Sunday morning we were again woken by the crowing rooster. Due to the heat expected today we gathered
at 9:00am to take a trip to Kingston SE instead of Ngarkat Conservation
Park. This trip was led by Dave from the Border
Country 4WD Club, and with several more of their club members 13 vehicles set
out on the 100km drive to Kingston. The morning was overcast with six spots of
rain as we crossed undulating farming country.
One section had been burnt about six weeks before and was now starting
to shoot new regrowth on the trees. The
fire apparently started by a faulty irrigation pump on a property which fronted
Following a stop at the Kingston bakery we gathered at the
caravan park to collect Dave’s wife and children before continuing on to
deflate the tyres at the Pinks Beach car park.
We then drove along firm sand to the Cape Jaffa
boat ramp admiring the calm blue ocean and even seeing two dolphins quite close
to shore. There were a number of
campers set up along the beach enjoying the long weekend with their families,
boats and fishing rods. From the Cape Jaffa
boat ramp it was a short distance on bitumen before travelling along the dunes
overlooking the sea on a dusty 4 x 4 track around the tip of Cape Jaffa. We then headed back onto the beach which we
followed for some distance, before Dave became stuck in soft sand due to the
high tide, so it was decided to drop the tyre pressure in the rest of the
vehicles to below 15psi. Unfortunately
after only one vehicle had made it through it was decided we should turn back. After retreating from the beach we continued
along a track in the Bernoulli Conservation Park but soon had a second tyre problem.
This proved to be the same as the first one, just a valve not screwed
back on properly. We all reinflated the
tyres to 20psi and continued along the dirt track to a junction where we made a
wrong turn and again all had to turn around.
We then took a track to the main road which we followed to Long Beach. Here we stopped on the beach to eat our
lunch. There were many people on the
beach and the water looked very inviting so a few ventured into the surf following
lunch. A few vehicles continued along
the beach into Robe before returning and collecting those who had stayed to swim
for the beach drive to Boatswain Point.
It was amazing to see so many families enjoying a Sunday afternoon in
perfect sunny conditions along the beach.
We stopped for a photo shoot against the backdrop of the dunes just
before exiting the beach. Once we had
inflated our tyres we all headed back to Clayton Farm via Kingston and Mundulla where we did not arrive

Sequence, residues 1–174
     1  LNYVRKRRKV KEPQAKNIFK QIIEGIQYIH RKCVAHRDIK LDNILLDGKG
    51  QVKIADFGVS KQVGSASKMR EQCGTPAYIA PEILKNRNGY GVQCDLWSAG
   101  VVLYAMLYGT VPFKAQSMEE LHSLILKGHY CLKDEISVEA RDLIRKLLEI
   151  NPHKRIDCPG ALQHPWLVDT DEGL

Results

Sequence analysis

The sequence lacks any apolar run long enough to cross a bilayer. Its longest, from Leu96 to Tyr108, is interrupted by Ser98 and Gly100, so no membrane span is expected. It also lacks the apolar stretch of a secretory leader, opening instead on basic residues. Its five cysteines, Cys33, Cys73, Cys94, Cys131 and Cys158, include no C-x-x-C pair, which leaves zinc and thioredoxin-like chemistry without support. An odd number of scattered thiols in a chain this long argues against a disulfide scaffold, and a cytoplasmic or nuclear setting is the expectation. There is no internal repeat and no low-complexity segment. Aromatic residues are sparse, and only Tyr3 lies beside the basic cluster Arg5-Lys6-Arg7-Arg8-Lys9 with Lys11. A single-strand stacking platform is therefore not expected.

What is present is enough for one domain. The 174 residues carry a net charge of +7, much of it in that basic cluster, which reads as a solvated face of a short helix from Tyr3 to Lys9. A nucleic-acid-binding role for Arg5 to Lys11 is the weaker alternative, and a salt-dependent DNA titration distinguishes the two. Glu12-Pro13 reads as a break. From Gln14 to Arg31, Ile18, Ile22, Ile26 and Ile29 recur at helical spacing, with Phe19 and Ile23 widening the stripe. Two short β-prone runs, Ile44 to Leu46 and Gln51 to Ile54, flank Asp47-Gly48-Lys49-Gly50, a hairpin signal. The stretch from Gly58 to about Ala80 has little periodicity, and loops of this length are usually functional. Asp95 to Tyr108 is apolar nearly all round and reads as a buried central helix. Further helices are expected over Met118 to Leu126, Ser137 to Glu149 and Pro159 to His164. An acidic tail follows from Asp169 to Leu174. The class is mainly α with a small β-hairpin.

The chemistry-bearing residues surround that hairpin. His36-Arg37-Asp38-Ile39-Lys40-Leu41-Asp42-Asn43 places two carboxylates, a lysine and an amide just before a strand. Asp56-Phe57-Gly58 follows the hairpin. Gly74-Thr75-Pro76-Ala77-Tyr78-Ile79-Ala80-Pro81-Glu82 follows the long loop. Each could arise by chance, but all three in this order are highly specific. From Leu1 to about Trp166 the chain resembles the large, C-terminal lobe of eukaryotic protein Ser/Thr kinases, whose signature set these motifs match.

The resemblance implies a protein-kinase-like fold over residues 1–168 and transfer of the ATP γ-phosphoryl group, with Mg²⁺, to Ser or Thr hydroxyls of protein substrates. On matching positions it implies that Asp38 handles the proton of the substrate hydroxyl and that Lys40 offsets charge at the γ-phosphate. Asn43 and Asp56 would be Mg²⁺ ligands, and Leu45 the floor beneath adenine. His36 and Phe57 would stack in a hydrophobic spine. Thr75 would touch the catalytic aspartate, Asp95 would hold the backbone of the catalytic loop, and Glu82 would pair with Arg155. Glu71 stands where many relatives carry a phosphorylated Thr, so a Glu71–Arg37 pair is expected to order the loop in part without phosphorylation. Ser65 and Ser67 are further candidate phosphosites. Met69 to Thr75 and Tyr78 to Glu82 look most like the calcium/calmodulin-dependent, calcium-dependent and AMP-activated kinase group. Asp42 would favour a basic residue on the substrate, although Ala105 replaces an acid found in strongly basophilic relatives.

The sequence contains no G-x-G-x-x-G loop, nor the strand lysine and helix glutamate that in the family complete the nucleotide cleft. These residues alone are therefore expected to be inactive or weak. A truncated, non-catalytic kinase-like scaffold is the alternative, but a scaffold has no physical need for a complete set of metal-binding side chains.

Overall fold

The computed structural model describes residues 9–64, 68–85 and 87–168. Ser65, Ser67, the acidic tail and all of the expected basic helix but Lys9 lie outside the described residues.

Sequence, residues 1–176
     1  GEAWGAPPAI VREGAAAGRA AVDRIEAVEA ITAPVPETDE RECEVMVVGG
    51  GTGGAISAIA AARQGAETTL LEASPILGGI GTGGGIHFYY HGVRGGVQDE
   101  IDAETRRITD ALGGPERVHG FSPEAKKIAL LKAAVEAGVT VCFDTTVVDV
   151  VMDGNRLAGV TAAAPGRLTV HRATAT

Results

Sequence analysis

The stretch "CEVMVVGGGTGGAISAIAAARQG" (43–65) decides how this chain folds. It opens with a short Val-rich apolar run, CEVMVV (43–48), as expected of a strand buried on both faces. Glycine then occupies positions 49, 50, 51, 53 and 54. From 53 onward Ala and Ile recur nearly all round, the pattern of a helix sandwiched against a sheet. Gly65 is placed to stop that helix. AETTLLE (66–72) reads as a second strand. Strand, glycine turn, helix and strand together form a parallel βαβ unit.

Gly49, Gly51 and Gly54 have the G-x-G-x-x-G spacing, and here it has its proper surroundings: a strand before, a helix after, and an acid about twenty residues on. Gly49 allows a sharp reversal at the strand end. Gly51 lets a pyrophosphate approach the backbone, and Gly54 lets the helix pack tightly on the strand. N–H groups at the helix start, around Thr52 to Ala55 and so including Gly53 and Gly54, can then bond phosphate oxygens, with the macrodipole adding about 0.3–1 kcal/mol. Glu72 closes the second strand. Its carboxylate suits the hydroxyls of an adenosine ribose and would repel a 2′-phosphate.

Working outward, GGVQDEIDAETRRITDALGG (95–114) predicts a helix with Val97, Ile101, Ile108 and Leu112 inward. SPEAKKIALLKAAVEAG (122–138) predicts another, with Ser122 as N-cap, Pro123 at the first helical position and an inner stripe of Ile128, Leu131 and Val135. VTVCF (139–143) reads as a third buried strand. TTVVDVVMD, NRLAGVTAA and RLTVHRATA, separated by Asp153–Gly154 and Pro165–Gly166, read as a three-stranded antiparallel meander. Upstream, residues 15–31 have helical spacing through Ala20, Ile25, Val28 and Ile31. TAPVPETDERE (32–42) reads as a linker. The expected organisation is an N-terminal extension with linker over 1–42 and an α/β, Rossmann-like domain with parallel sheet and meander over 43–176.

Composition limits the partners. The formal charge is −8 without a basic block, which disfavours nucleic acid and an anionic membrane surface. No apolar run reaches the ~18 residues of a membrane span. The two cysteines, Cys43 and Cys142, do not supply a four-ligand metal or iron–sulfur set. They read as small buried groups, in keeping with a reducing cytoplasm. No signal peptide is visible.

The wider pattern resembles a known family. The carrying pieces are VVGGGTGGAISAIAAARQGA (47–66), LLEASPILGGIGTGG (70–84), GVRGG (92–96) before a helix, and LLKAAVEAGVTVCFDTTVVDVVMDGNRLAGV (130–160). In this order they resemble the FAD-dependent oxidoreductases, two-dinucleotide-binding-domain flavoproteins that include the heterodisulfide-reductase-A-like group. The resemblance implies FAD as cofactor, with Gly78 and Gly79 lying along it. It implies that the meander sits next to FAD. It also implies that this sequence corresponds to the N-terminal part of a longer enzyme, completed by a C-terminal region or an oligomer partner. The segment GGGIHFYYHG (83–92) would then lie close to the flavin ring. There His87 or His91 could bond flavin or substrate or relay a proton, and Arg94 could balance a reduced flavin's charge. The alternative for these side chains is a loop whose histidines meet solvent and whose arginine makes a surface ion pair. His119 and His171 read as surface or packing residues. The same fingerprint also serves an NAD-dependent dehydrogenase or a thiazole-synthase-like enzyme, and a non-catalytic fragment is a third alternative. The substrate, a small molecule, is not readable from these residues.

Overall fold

until after 6:30pm.
Upon our return to the farm we were spoilt by
The Friends of Clayton Farm who had organised a fantastic BBQ meal of three
delicious salads with a sausage, patty and bread followed by fruit salad and
ice cream. This was a wonderful evening
spent chatting with friends both old and new about the day’s adventures.
All too quickly Monday morning dawned and the rooster crowed. Michael offered another tour of the farm
property to those who had missed the one on Friday afternoon so we met at
8:30am and were taken on a very extensive tour. The tour covered the farm machinery housed
under cover in the large new purpose built sheds as well as many pieces about
the property. The original settlers of
the property were the Wiese family who came from Clayton on the lower Murray River, hence the naming of the property. In the historic homestead built in 1885 is
an extensive display of old furniture, clothing and household appliances. From the homestead we walked to The Woolshed
(the largest thatched roof woolshed in the southern hemisphere). Here we saw large feed troughs constructed
from hollowed trees sitting on the cobbled veranda. These were used to feed the cattle in the
winter. The amazing building was constructed
in about 1901 from massive whole red gum forked tree trunk posts with slab
walls from Bull Oak and a straw roof. The
property suffered a fire on 5 February 2004 which saw three straw thatched
buildings destroyed but fortunately the Woolshed survived. We looked at other buildings including the huge
stone chaff shed with conveyer belts, bundling pits and intriguing wood
floor. There were also the rethatched
and rebuilt silage sheds, buggy shed, stables and the pigsties which had been
damaged by the fire. After a look at
the blacksmiths shed we finished the tour.
By the time we finished the tour and returned to camp many
had left. It was very warm so after a
bite to eat it was time to pack up and head home as well after a very enjoyable
weekend. Many thanks go to John Smedley,
in conjunction with his cousin Neil, for the effort and organisation they put
in to ensure a fantastic weekend for all to enjoy.
Rod & Aileen (NPC 388)